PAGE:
Additional Clinical Trials
Brittain-Long 20114 designed a randomized study to determine if multiplex testing for respiratory pathogen identification in adult patients with symptoms of acute respiratory infections would have an impact on antibiotic prescription rate in primary care settings. The patients had to have a diagnosis of an acute respiratory infection, defined as a history of at least two of the following symptoms: coryza/nasal congestion/sneezing, sore throat/odynophagia, cough, pleuritic chest pain, shortness of breath or fever for which the physician found no other explanation, with a duration of less than 14 days. The sample size included 447 patients, though 406 were available for analysis. Nasopharyngeal and throat swabs were collected and a multiplex PCR test with 13 viruses and 2 bacteria was performed, at 12 outpatient sites in Sweden. Samples were collected at the initial visit and at the follow-up visit 10 days later. Patients were randomized to one of two cohorts. In the rapid cohort, clinicians received the results on the day following patient inclusion into the study (within 24 hours for the majority of patients), or the delayed cohort, where clinicians received the results eight to twelve days later. The primary outcome was antibiotic prescription rate at the initial visit and the secondary outcome was the total antibiotic prescription rate during the study period. Patient management was treating physician discretion. For the rapid result, 5.4% (9 of 202) patients received antibiotics at the initial visit compared to 12.3% (25 of 204) (P = 0.0005) of patients in the delayed result group. Upon stratification by symptom duration ≤5 days, patients in the rapid result group received fewer antibiotic prescriptions than patients in the delayed result group. At follow-up there was no difference between the groups: 13.9% (28 of 202) in the rapid result group and 17.1% (35 of 204) in the delayed results group received antibiotics. The authors conclude, “In conclusion we have shown that access to a multiplex RT-PCR assay for the aetiologic diagnosis of ARTIs may reduce the prescription rate of antibiotics at the initial visit in an outpatient setting. To sustain the effect, it seems necessary to define how to follow and manage the patient according to the result of the test, which warrants further investigation.”4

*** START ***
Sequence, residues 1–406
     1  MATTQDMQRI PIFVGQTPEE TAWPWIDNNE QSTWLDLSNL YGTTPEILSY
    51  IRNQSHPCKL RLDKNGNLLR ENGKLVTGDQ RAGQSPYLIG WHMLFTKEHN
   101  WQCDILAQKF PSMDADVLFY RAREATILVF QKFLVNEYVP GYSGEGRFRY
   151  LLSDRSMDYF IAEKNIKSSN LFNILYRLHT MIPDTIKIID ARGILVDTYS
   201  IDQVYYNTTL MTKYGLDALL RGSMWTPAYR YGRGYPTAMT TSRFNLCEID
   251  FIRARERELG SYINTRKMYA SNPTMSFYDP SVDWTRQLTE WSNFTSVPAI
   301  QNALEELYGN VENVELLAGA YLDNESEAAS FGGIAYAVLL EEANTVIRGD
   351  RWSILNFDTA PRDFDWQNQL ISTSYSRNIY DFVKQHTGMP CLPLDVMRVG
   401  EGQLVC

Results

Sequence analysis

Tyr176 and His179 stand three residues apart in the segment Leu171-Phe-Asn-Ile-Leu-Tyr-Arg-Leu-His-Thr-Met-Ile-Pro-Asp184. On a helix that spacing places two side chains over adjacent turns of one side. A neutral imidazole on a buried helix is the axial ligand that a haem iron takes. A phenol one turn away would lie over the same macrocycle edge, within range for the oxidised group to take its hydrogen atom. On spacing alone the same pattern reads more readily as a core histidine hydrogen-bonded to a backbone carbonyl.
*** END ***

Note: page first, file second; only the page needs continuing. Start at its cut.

Echavarría et al 20185 aimed to determine if timely diagnosis of respiratory infection etiology could have an impact on medical management in the emergency department, in Buenos Aires, Argentina. The study design was a randomized, non-blinded study in children and adults with signs/symptoms of acute respiratory infection with onset within the preceding 7 days that compared two methods of testing. Patients were randomized to either the Film Array respiratory panel or immunofluorescence assay (IFA) over two seasons. Median time from sample collecting to reporting was under two hours for the FilmArray-RP and 26 hours by IFA. A total of 156 children and 276 adults were included. Changes in medical management included any change between the initial intention to treat with antibiotics or oseltamivir and/or to order complementary studies and the final decision, after test results were available. Results were reported by telephone to the physician who initially saw the patient, and at that moment the study team questioned the physician about any changes in medical management between the original plan previously documented on the standardized form and the final management plan that included the test results. Changes in medical management were observed in both groups, however patients in the FilmArray respiratory panel group were associated with changes in medical management with an odds ratio of 15.52, 95% CI; 1.99 – 120.83, in adults. This study was partially funded by a stakeholder grant.